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Ontario premier announces plan to extend provincial gas tax cut for 1 year

ontario premier announces plan to extend provincial gas tax cut for 1 year

A temporary tax cut intended to help Ontario residents save money at the pumps will be extended for another year, the province’s premier announced on Sunday.

Doug Ford said his government intends to table legislation that would leave the tax break that cut gas prices by 5.7 cents a litre in place until the end of 2023. The cut first went into effect on July 1 and was originally due to expire on Dec. 31.

“We know that every dollar helps,” said Ford, speaking at a gas station in Toronto’s west end. “And this gas tax cut is another way we’re delivering savings to Ontario households.”

Ford cited inflation and global economic uncertainty as reasons behind the extension, which will also maintain a 5.3-cents-per-litre reduction in the price of diesel fuel.

Ford estimated the tax breaks would save households an average of $195 over the entire 18-month course of the price reduction.

The province’s rate of tax on gas and diesel will remain at 9 cents per litre until the end of 2023.

The New Democrats said the gas tax cut won’t help much. 

“Ontarians are getting crushed by the skyrocketing cost of groceries, housing and utility bills, and they need more help,” interim Leader Peter Tabuns said in a statement.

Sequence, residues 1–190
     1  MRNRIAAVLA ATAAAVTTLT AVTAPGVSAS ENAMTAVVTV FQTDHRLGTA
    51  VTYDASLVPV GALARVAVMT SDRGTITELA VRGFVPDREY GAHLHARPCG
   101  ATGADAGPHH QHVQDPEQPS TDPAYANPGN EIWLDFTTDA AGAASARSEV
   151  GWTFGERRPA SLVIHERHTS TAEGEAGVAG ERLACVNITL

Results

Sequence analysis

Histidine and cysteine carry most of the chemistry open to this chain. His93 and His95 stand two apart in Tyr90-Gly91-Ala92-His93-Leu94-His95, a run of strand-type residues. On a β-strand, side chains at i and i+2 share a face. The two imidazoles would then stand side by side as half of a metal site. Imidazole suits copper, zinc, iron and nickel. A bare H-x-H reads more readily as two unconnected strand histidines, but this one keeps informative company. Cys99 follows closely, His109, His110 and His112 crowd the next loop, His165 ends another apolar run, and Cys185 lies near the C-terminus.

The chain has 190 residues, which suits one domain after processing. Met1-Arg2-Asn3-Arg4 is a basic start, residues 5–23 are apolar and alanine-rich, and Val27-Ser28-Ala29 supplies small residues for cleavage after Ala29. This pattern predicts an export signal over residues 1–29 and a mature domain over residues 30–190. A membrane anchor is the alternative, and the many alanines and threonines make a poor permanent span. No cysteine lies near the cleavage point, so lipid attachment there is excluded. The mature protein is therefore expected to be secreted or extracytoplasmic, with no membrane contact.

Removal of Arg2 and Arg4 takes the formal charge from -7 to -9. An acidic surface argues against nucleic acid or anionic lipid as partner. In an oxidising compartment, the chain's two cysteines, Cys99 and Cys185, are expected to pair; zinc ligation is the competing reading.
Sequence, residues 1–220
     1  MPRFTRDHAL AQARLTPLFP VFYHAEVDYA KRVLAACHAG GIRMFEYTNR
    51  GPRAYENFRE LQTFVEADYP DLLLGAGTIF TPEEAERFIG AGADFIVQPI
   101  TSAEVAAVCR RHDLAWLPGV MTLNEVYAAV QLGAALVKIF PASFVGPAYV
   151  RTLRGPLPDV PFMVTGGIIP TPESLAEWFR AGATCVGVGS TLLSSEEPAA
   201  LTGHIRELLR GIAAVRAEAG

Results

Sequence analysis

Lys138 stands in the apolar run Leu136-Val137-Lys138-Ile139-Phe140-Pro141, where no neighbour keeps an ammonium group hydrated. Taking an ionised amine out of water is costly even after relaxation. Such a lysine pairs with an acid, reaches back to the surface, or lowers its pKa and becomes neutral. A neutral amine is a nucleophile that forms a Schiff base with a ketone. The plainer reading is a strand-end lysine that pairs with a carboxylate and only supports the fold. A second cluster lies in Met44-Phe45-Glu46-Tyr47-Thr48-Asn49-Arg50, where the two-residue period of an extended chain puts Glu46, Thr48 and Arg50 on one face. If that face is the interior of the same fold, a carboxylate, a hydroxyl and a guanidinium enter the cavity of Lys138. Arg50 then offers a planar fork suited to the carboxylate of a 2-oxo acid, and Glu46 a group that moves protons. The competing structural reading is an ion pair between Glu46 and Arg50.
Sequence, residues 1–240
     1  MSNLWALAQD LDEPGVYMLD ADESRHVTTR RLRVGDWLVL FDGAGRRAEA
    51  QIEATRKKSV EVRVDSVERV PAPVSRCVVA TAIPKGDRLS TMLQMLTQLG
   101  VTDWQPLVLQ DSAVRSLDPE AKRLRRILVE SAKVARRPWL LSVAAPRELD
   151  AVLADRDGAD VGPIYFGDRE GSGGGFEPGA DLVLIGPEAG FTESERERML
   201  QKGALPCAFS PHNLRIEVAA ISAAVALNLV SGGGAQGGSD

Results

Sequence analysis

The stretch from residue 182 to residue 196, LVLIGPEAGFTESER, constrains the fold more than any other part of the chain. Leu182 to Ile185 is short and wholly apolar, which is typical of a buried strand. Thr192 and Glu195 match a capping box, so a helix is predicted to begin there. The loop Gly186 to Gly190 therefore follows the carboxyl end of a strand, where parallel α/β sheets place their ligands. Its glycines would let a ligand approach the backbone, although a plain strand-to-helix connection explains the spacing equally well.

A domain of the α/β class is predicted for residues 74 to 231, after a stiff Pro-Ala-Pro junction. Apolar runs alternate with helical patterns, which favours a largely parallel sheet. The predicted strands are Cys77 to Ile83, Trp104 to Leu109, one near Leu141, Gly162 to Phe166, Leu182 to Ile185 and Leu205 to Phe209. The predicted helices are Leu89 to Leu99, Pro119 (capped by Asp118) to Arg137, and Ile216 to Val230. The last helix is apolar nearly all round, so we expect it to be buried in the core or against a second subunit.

“Instead of helping folks afford basics like food and heating, Doug Ford is doubling down on a gas tax scheme that doesn’t even guarantee drivers will see so much as a penny in savings.”

The legislation enshrining the tax cut is due to be tabled on Monday alongside the province’s fall economic statement.

Recent findings from Ontario’s financial watchdog suggest the province is in good financial shape.

A report two weeks ago from the Financial Accountability Office projects budget surpluses for the foreseeable future.

It’s forecasting a $100-million surplus at the end of this fiscal year, and an $8.5-billion surplus in 2027-28.

Ford took issue with those numbers on Sunday.

“That’s a snapshot in time,” he said. “It’s just not accurate.”

Finance Minister Peter Bethlenfalvy announced in September that Ontario ended the last fiscal year with a $2.1-billion surplus, a far cry from the $33-billion deficit projected in the budget, thanks to inflation and a strong economy.




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